A small rant about Gibson pickups from a Gibson fan

jaxondi

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A couple of years ago I enrolled in a pickup winding class at Roberto Venn School of Luthiery taught by the man himself, Jason Lollar. It was a great class. After I wound my humbucking pickup I took it to Jason and asked him "Hey, when do we add the mojo?" He grabbed the pickup out of my hand, held it up to his nose and pretended to blow his nose on the pickup. "There's your mojo right there" he said. I laughed and asked him "Okay, but why are boutique pickups better?" (Personally, I'm a huge fan of Jim Wagner's Darkburst and Fillmore pickups). Jason's answer was this: "Boutique winders buy better quality parts - better magnets, better bobbins, better wire and they take the time to wrap a better pickup. Major manufacturers are always trying to cut costs. An experienced boutique winder will always produce a better pickup". So that's Jason's take on it. I have to add however, I do like the stock pickups in my '88 custom LP and my SG Standard. Maybe the guitar would sound "better" if I replaced them, but the '88 sounds like the Mick Ronson sound and the SG sounds fine as it is. So it's all a matter of personal taste.
 

Bobbo9091

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I am a huge Gibson fan of Gibson guitars. Over the years, I have acquired three Les Pauls (R0, R9, 68 RI) and two 335s ('63 and '64). I have played lots of other brands, but I really like the feel, tone, look and history of the Les Paul and 335.

Here is my main complaint: I don't like Gibson pickups. I don't understand why Gibson cannot make a pickup that sounds as good as pickups made by smaller winders. The custombuckers and the '57 reissues sound kind of scooped and somewhat harsh to me. The MHS were better to my ears but they squealed at high volume. The burstbuckers and 498 sound harsh to me.

Throbak, WCR, Wizz, OX4, Wolfetone, etc. all seem to make great pickups. What is the barrier preventing Gibson from making better pickups? It should be embarrassing to Gibson that they cannot make a pickup as good as the pickups they made in the 50s and 60s. Why don't they hire a consultant to help them get close?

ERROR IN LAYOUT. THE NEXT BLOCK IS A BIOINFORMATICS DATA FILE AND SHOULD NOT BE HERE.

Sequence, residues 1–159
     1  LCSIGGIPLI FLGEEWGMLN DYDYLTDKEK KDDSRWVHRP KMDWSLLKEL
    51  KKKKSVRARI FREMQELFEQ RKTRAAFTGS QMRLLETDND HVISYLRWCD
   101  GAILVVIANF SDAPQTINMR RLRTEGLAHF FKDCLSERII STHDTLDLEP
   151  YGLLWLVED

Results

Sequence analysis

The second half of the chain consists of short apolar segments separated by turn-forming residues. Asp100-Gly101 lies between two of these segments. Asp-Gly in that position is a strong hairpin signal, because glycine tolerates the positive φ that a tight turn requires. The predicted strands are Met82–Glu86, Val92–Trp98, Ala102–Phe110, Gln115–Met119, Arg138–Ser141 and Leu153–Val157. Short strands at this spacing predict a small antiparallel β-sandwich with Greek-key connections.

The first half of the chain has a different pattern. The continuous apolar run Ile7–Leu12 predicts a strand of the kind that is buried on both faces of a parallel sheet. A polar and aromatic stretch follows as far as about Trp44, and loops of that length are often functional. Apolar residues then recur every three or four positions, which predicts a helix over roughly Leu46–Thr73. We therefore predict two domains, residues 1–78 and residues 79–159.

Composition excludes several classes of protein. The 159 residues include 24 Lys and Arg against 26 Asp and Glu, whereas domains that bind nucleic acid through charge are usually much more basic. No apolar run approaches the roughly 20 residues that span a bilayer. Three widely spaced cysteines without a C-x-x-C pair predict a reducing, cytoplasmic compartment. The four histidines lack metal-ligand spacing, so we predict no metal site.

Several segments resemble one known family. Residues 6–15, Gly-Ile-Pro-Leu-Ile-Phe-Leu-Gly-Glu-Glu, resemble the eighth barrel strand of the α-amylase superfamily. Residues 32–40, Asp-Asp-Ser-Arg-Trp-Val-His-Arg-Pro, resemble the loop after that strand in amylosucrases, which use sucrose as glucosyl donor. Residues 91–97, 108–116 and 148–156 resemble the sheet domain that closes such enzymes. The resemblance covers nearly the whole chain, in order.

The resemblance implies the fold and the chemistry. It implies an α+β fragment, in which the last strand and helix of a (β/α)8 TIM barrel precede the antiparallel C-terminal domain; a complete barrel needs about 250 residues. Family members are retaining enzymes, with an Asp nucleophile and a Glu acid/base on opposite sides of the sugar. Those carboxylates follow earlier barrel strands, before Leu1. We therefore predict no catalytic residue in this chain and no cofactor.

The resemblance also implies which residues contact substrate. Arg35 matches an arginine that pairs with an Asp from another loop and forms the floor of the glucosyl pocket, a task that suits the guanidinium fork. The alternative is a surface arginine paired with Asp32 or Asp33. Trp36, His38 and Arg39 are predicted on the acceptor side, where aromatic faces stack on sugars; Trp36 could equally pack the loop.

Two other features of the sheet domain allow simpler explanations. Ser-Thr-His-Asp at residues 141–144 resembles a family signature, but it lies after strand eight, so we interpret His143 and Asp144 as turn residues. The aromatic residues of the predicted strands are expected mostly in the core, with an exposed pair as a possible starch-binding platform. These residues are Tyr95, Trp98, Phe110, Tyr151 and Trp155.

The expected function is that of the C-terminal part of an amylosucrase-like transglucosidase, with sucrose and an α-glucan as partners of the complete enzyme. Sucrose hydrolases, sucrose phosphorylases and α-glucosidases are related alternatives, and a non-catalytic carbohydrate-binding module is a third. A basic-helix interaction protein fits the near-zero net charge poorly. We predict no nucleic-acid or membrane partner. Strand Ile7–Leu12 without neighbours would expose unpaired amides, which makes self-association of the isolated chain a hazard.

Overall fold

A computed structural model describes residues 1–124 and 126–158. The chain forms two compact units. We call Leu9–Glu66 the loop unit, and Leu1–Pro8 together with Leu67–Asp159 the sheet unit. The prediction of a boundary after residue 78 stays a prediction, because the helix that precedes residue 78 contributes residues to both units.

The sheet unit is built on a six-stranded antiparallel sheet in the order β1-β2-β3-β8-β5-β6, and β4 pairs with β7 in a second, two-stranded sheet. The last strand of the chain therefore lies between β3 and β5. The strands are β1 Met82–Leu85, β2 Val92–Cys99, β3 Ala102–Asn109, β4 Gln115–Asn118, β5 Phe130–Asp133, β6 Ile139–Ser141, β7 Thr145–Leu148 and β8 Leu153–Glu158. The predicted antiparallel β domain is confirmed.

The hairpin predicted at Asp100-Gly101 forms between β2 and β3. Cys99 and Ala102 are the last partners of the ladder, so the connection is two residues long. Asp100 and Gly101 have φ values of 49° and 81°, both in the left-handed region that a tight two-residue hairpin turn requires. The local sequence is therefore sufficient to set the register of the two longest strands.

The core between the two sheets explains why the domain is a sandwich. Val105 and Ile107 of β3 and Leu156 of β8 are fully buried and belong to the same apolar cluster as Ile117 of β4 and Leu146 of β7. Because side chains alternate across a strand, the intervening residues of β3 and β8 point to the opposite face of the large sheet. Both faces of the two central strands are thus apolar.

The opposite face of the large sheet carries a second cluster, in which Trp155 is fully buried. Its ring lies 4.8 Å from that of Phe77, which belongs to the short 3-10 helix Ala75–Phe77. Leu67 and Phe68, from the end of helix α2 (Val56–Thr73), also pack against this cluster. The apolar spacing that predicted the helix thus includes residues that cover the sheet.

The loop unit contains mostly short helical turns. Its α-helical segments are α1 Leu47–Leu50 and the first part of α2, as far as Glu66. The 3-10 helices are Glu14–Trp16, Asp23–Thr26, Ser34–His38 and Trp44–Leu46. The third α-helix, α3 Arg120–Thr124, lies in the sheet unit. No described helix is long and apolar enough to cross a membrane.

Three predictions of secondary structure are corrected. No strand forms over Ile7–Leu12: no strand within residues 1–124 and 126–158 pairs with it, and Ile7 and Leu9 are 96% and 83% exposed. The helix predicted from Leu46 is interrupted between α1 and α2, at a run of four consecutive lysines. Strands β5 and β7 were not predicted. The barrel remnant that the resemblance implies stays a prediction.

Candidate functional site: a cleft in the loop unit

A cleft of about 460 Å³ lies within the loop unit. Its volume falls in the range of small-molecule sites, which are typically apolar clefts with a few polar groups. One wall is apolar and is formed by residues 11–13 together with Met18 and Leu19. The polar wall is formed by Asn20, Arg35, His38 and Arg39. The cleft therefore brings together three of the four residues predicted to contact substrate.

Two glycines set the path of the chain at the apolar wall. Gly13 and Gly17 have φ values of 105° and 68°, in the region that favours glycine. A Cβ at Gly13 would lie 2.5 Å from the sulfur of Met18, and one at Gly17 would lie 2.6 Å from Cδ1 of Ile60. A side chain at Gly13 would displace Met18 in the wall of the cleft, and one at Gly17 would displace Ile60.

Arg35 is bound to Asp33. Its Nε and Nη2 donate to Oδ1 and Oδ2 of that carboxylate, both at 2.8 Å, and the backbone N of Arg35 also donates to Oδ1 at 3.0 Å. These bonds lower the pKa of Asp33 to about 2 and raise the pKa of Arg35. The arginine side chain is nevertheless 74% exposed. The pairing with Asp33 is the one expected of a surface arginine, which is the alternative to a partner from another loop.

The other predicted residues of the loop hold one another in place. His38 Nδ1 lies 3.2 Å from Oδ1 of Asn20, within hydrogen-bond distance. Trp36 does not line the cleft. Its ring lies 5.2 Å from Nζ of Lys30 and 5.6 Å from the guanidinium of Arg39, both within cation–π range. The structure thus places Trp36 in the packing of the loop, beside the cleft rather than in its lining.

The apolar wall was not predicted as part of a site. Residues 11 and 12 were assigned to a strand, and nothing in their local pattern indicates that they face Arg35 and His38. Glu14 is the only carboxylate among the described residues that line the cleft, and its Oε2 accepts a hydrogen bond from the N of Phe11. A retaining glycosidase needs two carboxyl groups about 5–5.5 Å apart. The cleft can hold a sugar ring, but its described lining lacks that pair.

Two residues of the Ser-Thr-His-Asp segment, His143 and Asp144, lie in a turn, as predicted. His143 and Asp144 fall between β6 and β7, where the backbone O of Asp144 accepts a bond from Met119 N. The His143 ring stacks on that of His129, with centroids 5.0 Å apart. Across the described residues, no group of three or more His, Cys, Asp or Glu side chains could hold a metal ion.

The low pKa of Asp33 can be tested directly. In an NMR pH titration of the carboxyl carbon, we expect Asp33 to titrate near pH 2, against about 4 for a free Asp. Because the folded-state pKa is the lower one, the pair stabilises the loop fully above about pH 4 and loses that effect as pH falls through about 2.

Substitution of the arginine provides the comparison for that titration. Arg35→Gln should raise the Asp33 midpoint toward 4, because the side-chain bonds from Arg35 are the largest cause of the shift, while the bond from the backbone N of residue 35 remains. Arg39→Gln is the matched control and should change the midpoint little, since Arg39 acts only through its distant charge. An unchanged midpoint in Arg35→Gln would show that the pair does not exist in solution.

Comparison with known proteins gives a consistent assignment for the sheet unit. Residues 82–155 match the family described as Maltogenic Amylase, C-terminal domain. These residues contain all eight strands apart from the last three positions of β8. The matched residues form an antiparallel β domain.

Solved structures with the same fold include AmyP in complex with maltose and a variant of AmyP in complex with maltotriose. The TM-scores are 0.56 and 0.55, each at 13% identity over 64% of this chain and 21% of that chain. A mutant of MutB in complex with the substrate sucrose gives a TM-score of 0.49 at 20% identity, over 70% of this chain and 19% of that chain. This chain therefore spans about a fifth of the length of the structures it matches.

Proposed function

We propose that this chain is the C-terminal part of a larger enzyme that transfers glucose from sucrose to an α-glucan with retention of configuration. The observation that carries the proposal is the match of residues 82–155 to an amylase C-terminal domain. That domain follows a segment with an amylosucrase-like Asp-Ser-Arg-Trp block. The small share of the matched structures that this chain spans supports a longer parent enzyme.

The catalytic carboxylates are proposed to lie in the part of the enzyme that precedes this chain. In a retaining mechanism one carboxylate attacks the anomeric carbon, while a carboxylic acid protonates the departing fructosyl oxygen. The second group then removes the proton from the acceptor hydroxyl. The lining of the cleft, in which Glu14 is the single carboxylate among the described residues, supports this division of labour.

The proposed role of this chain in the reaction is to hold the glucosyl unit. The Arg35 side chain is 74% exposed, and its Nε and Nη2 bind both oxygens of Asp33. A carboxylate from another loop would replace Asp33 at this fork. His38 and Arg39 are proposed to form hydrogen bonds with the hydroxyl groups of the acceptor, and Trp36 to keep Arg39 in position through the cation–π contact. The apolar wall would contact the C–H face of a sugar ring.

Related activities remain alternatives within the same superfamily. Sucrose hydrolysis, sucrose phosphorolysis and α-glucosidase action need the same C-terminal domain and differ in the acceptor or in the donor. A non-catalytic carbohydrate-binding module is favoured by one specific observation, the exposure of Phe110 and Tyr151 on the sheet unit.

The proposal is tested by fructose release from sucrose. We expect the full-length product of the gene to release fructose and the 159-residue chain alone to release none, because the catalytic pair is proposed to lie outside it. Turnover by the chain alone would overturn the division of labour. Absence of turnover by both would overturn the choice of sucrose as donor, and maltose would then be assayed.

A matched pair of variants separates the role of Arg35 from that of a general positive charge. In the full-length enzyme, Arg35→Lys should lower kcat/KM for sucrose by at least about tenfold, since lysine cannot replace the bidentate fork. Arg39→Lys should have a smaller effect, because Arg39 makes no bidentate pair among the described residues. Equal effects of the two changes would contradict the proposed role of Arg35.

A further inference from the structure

By the way, Gibson knows this. There is a recent interview with Mat Koehler in guitar.com (link here) where he says the following,

"Vintage PAFs are a lot darker and more midrange heavy than people think and if you loaded your guitar with a set of 1959 PAFs, most people probably wouldn’t prefer them. Gibson was sourcing Alnico IV in the late 1950s from a telephone company for humbuckers specifically, but we don’t know that much about the makeup of the magnets they got. For playing at home most people would prefer the sound of an alnico III pickup and not alnico IV."

“We should have owned the pickup market for Gibson-style pickups and we don’t. That’s an opportunity that we have been aware of all the time, but the time hasn’t been right. What I can say is that we are going to tell stories that have never been told, with never before seen blueprints and archives, and we will be making extremely historically accurate PAFs in the future.”

Get an EQ
 

GAS'er

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I’ve tried many many pickups over the years and 57 classics are easily my favorite. Love en split too.
 

Lee Phillips

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I am a huge Gibson fan of Gibson guitars. Over the years, I have acquired three Les Pauls (R0, R9, 68 RI) and two 335s ('63 and '64). I have played lots of other brands, but I really like the feel, tone, look and history of the Les Paul and 335.

Here is my main complaint: I don't like Gibson pickups. I don't understand why Gibson cannot make a pickup that sounds as good as pickups made by smaller winders. The custombuckers and the '57 reissues sound kind of scooped and somewhat harsh to me. The MHS were better to my ears but they squealed at high volume. The burstbuckers and 498 sound harsh to me.